What are the symptoms of carbohydrate and fructose intolerances and how do you treat them? Jasly Koo, dietitian from the Nutrition and Dietetics Department at KK Women’s and Children’s Hospital explains.
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Maldigestion and malabsorption of short-chain carbohydrates namely, fructo-, oligo-, di- and monosaccharides and polyols (FODMAPs) may also occur. This includes fructose, lactose, fructans, galactans and the polyols (including sorbitol, mannitol, maltitol, xylitol and isomalt.
Symptoms of carbohydrate intolerance include diarrhoea, cramping and flatulence.
Who’s at risk of carbohydrate intolerance?
“Carbohydrate intolerance appears to be more common in individuals who have an underlying functional gastrointestinal (GI) disorder, such as irritable bowel syndrome,” says Jasly Koo, Dietitian, from the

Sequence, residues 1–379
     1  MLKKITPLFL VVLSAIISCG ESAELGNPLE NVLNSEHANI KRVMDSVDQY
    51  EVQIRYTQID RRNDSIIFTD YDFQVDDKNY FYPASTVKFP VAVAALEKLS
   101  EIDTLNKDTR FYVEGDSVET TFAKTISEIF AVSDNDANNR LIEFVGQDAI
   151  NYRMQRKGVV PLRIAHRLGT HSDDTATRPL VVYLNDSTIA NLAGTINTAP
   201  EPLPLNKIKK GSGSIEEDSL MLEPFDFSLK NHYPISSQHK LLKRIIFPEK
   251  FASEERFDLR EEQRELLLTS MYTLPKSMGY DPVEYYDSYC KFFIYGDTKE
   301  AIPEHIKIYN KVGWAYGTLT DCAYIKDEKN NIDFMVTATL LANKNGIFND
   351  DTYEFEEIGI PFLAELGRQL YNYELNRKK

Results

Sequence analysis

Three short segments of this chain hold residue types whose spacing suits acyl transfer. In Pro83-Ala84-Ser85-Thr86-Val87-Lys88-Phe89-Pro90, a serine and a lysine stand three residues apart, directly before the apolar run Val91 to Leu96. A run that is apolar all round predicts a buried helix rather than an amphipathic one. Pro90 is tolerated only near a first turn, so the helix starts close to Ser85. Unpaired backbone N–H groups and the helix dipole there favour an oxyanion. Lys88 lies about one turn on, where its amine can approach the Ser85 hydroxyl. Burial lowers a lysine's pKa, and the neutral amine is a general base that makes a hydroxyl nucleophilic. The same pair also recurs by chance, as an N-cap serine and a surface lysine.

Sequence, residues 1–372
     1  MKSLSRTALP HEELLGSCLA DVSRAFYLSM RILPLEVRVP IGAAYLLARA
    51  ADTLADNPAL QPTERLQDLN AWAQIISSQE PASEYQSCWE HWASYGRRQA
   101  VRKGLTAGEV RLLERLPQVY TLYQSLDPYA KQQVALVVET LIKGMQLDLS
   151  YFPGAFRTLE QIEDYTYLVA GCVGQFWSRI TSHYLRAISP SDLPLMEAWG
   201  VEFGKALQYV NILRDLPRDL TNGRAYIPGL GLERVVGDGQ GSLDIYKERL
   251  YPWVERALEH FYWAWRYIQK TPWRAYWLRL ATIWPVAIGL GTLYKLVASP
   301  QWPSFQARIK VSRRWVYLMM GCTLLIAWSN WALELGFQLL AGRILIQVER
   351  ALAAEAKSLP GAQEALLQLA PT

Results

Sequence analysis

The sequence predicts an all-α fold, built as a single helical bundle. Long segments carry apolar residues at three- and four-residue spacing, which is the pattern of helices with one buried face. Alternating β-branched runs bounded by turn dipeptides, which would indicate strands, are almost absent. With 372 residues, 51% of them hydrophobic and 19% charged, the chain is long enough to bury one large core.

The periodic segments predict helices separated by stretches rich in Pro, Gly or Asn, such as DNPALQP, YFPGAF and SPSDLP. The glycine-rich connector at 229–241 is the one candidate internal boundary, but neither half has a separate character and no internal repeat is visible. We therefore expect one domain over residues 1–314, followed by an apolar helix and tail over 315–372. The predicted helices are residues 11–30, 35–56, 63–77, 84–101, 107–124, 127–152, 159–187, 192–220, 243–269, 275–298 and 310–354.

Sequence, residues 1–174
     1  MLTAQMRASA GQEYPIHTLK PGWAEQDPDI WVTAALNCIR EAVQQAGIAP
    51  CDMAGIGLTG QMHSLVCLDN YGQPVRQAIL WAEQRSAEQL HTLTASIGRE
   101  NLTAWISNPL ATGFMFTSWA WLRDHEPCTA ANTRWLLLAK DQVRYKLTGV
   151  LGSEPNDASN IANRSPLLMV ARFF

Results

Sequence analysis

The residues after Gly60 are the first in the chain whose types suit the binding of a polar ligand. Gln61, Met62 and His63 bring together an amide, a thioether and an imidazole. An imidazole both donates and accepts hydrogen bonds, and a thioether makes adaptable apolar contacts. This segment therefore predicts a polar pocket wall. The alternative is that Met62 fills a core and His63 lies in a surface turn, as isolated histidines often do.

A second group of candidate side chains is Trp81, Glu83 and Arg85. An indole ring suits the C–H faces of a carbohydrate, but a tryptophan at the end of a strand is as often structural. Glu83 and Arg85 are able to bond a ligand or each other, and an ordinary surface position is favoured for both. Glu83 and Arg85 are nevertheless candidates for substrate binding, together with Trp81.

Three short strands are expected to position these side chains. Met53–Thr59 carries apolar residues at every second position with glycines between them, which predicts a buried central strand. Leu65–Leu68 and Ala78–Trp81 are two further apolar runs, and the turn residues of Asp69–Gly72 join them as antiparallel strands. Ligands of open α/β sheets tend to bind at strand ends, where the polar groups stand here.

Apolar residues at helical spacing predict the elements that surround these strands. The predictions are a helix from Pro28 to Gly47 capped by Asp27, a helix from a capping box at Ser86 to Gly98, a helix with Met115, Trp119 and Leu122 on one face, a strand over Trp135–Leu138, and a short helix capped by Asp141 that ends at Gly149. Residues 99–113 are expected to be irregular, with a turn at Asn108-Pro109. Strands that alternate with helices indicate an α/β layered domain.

Nutrition and Dietetics Department at
KK Women’s and Children’s Hospital, a member of the
How to treat carbohydrate intolerance?
It has been suggested that a low FODMAPs diet may be useful for these individuals as it is hypothesised that FODMAPs are poorly-absorbed in the small intestine, are highly osmotic, and rapidly fermented by the naturally occurring gut bacteria. Hence, following a low FODMAPs diet may reduce symptoms.
It is advisable to seek your doctor’s advice before starting the diet and to embark on the diet only under a dietitian’s supervision to ensure that your child’s diet is well-balanced and meets his/her growth requirements.
Fructose intolerance has also been reported. This is due to our intestines having a limited ability to absorb fructose. Hence, large amounts of fructose can bring about symptoms similar to lactose intolerance.
Tips for treating fructose intolerance
People with fructose intolerance may need to limit or avoid foods containing large amounts of fructose such as pears, apple, mango and watermelon. Avoid consuming large amounts of dried fruits and fruit juices as these are concentrated sources of fructose. Foods sweetened with high fructose corn syrup such as soft drinks and confections (sweets, jam) as well as honey can also bring about symptoms.
Find out more about
food additives and the symptoms they trigger in those with food intolerance.